More From Arijit Sen

Picturing Milwaukee: Washington Park Neighborhood, 2014 By Arijit Sen
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Students (local, regional, national and international) arrived in Milwaukee in early June, spent five intensive weeks measuring homes and businesses, conducting oral histories with new and long-term... More > residents and producing documentaries based on their fieldwork. It's the first of a three-year program exploring the neighborhood of Washington Park. Consider this project as a beginning of a conversation. More precisely, a three-year long conversation exploring enduring values, themes, dreams and practices that capture the spirit of the Washington Park neighborhood. This conversation will involve local residents, businesses, organizations, community scholars, students and faculty and engage them in a collaborative dialog.< Less
Picturing Milwaukee: Historic Water Tower Neighborhood By Arijit Sen
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At the BLC field school, we explore urban neighborhoods. We discover their complexity. Neighborhoods are physical locations, material artifacts of everyday life, centers of symbolic action and... More > domestic activities, and community spaces of interaction and social life. This is a monograph documenting the work done at the 2013 BLC field school at the Historic Water Tower neighborhood in Milwaukee.< Less
Identity | Place: Urban Cultural Landscapes as Contact Zones By Arijit Sen
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This book contains field work and research done by Arijit Sen and his students in an architectural methods class. Arch 533 summer course ran for four weeks during which students studied selected... More > sites in New York city's Lower East Side. They traveled, researched, documented and analyzed these spaces during a 4-week period and completed this work in six weeks.< Less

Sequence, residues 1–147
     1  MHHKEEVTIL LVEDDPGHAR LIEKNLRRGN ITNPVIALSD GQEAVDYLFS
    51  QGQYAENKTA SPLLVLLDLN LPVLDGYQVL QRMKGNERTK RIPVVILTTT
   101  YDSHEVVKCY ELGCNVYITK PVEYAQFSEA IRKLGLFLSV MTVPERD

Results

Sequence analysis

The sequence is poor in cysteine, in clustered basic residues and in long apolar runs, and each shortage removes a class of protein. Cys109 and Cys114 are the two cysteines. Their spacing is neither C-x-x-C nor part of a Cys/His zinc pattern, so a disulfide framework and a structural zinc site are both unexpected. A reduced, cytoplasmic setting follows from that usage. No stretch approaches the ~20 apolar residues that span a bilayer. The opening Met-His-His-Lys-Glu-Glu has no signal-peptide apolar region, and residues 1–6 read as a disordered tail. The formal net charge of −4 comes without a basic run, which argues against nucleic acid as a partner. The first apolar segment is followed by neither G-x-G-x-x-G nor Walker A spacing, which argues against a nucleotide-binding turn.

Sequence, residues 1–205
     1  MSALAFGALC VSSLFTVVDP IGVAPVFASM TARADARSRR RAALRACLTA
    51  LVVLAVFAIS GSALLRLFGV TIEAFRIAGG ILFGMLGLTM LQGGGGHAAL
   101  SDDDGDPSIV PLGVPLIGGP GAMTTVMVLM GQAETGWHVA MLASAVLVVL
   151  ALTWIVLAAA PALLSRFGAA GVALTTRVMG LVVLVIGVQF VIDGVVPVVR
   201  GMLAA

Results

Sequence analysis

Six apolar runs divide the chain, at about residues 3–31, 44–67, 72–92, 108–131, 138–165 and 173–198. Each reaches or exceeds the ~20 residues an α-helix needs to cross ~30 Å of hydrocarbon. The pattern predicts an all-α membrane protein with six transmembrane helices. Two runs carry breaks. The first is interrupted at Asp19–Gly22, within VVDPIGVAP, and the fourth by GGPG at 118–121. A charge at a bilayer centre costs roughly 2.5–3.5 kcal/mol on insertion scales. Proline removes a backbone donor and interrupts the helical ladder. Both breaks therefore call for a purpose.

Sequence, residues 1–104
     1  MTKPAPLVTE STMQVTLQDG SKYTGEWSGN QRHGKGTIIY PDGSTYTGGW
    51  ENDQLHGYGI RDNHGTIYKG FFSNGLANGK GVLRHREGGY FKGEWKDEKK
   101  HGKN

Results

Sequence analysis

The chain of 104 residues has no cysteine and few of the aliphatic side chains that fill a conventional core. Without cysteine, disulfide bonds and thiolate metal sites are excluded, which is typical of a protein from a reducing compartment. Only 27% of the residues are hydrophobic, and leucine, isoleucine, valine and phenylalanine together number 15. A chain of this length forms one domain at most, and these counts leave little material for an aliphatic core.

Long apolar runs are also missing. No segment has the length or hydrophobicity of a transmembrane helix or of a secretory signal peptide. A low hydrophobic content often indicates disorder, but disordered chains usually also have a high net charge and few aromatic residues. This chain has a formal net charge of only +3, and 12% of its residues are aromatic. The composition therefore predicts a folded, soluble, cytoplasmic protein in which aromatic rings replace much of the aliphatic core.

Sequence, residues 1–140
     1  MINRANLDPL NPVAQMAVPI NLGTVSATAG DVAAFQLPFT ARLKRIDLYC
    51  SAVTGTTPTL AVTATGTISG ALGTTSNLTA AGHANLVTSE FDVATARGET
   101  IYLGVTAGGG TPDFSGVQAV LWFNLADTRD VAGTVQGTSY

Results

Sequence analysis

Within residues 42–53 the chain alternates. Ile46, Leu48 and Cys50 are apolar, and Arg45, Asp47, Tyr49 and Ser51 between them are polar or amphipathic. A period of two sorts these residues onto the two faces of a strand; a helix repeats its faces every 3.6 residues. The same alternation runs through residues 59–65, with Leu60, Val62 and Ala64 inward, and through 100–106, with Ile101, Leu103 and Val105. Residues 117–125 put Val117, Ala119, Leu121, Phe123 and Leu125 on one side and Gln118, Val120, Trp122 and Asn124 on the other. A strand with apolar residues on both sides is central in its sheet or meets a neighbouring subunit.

LEARNING FROM NEW ORLEANS STUDIO PROJECT THREE By Arijit Sen et al.
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When Hurricane Katrina struck the city of New Orleans in August 2005, UWM mobilized to provide assistance. First, the hurricane’s devastation was so severe that it would take years, not months,... More > for New Orleans to recover. Second, Katrina exposed racial and socioeconomic cleavages that challenge our sense of what it means to be living in America in the 21st century. In fall 2010, students enrolled in Prof. Harry Van Oudenallen and Prof. Arijit Sen’s Learning From New Orleans Integrated Design Studio, in the School of Architecture and Urban Planning, and visited New Orleans’ Lower Ninth Ward community for 10 days. This is a monograph documenting work done in this studio.< Less